On our stroll in Plzen we passed many interesting places. Whether it was a building that inspired us or a monument or art in public space – we would like to present some of the places and thus encourage you to take a stroll through the city.
Plzen Train Station
Travellers coming to Plzen by train arrive at Plzeň hlavní nádraží, the main railway station. We saw the station building on our visit to the cathedral tower and were curious about the construction.
The train station is close to the city centre and it is easy to reach on foot.
In 1862 the first railway ran from Plzen to Prague and the station was the end of the railway line. The present building opened in 1907. Rudolf Štech designed the Art Nouveau building and was one of the financiers of the construction. In 1908 he committed suicide because of the high personal debts.
The US Army damaged the station building during its bombing raids in the Second World War; fortunately, it was possible to reconstruct it after the war.
The building has been part of the Czech cultural heritage since 2000.
From the outside, the building looks quite large, but you only notice the actual dimensions when you step into the large entrance hall. What a high hall, here you feel really small as a visitor. If you take a closer look, you notice that time has taken its toll on the station building. It’s a good thing that a renovation is planned for the next few years.
Monuments in Plzen
Every city has countless monuments and Plzen is no exception. Here we show just a few works of art, but there are so many more!
A large late Gothic tower on Pražská ulice catches our eye during our stroll in Plzen. The tower was part of the old city fortifications at the former Prague Gate. It served as a water tower/reservoir and is considered the oldest waterworks in Plzen. In 1822 the tower was raised by one storey and in 1912 the Gothic portal, which came from a demolished house, was added to the tower. Today there is a gallery in the building.
Art in Plzen
In the public spaces of Plzen you will find not only monuments, but also works of art. From street art to modern art, you can discover varied art.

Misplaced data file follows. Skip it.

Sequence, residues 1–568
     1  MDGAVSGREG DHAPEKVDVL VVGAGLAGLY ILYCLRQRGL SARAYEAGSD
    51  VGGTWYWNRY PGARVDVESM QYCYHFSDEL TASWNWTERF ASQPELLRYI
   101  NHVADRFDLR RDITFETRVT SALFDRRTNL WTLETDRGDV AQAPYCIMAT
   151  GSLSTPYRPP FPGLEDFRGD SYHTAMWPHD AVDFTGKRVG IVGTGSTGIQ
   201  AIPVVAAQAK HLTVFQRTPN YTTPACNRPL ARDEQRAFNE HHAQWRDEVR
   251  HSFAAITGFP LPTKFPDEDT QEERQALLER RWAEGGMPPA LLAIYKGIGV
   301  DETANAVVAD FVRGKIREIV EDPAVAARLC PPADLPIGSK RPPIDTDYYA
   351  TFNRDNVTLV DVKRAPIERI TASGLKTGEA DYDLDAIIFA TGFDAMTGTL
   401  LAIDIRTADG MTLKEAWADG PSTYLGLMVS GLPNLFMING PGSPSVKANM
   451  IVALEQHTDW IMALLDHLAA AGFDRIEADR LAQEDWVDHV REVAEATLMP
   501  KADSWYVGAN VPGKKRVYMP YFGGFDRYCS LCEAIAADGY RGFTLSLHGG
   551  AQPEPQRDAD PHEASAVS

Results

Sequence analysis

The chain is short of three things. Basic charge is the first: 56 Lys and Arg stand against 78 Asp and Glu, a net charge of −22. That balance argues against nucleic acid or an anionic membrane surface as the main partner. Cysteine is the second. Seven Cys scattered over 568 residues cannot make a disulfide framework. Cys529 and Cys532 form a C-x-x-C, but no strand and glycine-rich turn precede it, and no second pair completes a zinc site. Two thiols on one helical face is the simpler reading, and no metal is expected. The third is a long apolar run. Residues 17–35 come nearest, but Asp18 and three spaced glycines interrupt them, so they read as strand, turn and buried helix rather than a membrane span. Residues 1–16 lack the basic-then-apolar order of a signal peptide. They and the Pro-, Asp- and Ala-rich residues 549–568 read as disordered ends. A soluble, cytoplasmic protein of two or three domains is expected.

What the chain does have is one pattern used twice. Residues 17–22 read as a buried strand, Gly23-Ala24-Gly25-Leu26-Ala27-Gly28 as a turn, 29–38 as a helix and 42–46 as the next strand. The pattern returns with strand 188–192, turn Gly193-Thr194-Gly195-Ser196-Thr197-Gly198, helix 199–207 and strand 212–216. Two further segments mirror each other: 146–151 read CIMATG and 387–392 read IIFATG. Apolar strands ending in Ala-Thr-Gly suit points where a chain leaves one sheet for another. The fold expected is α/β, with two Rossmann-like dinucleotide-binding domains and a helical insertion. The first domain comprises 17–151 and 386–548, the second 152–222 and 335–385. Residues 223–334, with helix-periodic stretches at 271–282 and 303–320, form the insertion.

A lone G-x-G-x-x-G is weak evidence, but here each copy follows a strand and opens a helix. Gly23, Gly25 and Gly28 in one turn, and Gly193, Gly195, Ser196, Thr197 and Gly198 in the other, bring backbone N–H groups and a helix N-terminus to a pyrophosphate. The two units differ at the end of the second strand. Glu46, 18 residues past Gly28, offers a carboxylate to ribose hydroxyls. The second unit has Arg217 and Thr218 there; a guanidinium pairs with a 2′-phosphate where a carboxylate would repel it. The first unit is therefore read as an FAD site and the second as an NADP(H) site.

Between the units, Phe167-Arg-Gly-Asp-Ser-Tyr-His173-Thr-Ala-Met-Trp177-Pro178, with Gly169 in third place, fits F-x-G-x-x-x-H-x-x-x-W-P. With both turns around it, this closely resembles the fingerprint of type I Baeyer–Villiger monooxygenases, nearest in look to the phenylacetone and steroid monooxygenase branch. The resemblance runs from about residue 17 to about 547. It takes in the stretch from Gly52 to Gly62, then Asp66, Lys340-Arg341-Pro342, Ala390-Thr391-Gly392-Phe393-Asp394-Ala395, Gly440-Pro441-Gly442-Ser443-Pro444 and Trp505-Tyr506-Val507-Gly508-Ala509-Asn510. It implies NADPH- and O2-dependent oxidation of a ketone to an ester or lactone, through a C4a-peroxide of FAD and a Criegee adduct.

One mural in particular inspired me. At first glance it seems full, confused and incomprehensible. If you look a little closer, you will see numerous references to the history of Plzen. For example, you can see: a camel, a greyhound, angels, beer, puppets, monks…. A real hidden object picture!
Stroll in Plzen: Millrace
On the eastern side of the former city wall is a canal. This originally supplied a mill with water. Today, the area invites you to take a short rest while walking in Plzen. A park with a small artificial lake has been created, along which small cafés are located.
Unfortunately, we could admire the Great Synagogue in Plzen only from the outside. When we were in the city, it was being renovated.
The Great Synagogue in Plzen is the second largest synagogue in Europe. In 1893 the building designed in Moorish-Romanesque style was completed and the Jewish community of the city moved from the Old Synagogue to the Great Synagogue.
During the Second World War the building was used as a warehouse, the Jewish community of Plzen received the building back afterwards. In 1973 the last service was held there, the building was too dilapidated and had to be closed.
It was not until 1995/96 that the building was renovated and opened for cultural events. In the meantime, the small Jewish community of the city used the Old Synagogue.
When there is no construction work going on in the Great Synagogue, it is also possible to visit the house of worship. Unfortunately, we had to be content with the beautiful evening view.